Mandsaur/Ujjain: A pungent smell hangs heavy in the air as one nears the gates of Piplya Mandi in Madhya Pradesh’s Mandsaur district. Close to a hundred trucks and tractor trolleys loaded with garlic are awaiting their turn to enter the market yard. Due to the heavy rush, it takes over a day for farmers to step into the market and auction their produce.

The rush to dispose off the garlic is despite the fact that farmers will lose anywhere between 12-15 on each kilogram of garlic sold. Wholesale prices have crashed to 7 per kg, with some selling their stock for as low as 2 per kg. They had waited since March in the hope that prices would recover. But that day never came. Now, the prevalent fear is that prices may collapse further.

Roughly 30 kilometres away, outside the Nayi Anaj Mandi in Mandsaur, 65-year-old Lakshman has just woken up after spending a cold November night atop his harvest of urad (black gram) stored in a minivan. He expects to sell it at less than 4,000 per quintal, about 29% lower than the federal government promised support price of 5,600 per quintal.

“Once you arrive with a dead body to the crematorium, it has to burn. There is no going back," Lakshman says in a matter-of-fact tone. The minivan had to be emptied irrespective of the price. There is no going back.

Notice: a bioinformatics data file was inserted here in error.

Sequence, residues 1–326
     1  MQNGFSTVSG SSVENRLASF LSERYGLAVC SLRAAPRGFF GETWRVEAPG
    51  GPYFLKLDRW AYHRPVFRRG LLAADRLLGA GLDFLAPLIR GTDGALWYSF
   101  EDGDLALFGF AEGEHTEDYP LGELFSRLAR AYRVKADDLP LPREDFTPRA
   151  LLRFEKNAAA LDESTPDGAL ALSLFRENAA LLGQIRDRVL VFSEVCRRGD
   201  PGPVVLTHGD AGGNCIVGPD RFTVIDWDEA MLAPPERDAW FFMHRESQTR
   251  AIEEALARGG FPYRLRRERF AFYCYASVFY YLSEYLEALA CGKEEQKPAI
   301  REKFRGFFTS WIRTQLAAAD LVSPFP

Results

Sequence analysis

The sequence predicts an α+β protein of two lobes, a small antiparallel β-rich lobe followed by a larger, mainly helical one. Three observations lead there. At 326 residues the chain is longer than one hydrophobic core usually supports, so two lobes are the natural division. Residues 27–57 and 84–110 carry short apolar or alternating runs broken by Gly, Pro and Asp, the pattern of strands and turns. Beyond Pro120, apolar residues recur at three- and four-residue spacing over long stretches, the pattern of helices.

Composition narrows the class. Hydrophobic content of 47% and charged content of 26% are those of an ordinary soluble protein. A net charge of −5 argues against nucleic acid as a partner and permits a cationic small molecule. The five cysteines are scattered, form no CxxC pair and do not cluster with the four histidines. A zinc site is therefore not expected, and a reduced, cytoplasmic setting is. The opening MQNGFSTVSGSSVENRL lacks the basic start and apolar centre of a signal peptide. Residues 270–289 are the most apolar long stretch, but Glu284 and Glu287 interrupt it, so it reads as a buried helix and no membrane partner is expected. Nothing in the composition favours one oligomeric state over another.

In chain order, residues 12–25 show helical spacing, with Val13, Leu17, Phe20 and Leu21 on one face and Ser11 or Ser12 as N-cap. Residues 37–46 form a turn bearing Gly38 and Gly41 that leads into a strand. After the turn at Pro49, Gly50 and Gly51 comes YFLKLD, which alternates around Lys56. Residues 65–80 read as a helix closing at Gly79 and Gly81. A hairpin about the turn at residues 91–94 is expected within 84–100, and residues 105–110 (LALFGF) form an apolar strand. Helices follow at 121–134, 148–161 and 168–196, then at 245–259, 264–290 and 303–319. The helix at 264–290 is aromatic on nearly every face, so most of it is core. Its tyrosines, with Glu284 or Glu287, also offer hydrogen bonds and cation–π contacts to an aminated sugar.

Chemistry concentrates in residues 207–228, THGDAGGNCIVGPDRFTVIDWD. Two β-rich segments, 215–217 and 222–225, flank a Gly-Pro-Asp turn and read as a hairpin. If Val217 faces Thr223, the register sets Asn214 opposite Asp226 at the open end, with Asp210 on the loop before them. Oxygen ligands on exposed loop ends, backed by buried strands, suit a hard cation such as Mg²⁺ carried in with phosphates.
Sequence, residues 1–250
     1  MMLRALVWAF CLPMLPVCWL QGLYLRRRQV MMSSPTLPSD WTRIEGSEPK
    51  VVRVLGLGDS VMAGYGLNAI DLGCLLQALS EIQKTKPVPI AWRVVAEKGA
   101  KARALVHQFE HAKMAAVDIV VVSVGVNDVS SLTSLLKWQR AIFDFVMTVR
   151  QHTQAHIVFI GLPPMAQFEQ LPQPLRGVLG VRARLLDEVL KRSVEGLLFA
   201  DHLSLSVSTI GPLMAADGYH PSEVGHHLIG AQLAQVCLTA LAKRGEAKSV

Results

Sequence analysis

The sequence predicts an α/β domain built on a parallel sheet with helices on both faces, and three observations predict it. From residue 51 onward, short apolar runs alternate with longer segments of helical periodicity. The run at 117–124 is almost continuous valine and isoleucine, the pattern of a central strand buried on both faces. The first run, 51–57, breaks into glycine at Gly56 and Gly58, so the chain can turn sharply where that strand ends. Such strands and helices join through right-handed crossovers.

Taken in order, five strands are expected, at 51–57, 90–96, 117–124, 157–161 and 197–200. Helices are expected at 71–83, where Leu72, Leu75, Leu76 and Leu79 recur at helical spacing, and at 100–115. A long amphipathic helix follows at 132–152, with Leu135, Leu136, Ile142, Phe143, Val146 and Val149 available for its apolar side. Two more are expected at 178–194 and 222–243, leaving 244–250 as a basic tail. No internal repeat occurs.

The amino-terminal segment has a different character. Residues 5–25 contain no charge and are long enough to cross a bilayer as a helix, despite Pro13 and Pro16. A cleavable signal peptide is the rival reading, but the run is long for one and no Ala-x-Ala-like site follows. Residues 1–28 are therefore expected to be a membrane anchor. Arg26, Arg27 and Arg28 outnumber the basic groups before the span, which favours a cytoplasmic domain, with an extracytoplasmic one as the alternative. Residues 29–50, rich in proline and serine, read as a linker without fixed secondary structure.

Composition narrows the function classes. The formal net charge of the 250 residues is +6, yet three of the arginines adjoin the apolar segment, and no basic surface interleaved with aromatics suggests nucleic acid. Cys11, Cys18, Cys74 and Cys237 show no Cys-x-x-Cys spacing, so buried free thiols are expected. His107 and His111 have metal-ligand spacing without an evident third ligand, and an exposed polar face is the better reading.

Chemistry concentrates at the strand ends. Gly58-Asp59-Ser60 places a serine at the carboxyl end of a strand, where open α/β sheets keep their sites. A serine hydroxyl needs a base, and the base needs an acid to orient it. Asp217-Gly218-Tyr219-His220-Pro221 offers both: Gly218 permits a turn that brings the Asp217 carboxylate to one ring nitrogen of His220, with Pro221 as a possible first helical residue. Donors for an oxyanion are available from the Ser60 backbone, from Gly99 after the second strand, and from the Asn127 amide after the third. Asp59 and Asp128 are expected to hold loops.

The despair in Lakshman’s voice resonates across the Malwa-Nimar region of Madhya Pradesh, where farmers have been hit hard, yet again, by an unprecedented collapse in crop prices. In June, last year, the region went up in flames after a farmer protest demanding better prices turned violent. Battalions of police marched in to quell the protests. Five farmers lost their lives in the police firing which ensued.

The violence has passed, but the anger remains. Soybean, a major oilseed grown in these parts, sells at a price lower than what it fetched in 2014. The input costs that farmers incur, however, has shot up in the other direction.

Though Madhya Pradesh is hardly the only state witnessing farm distress, the key difference is that a large chunk of the state’s gross domestic product (GDP) comes from agriculture (over 30% compared to the national average of 17%) and the dependence on farming is widespread.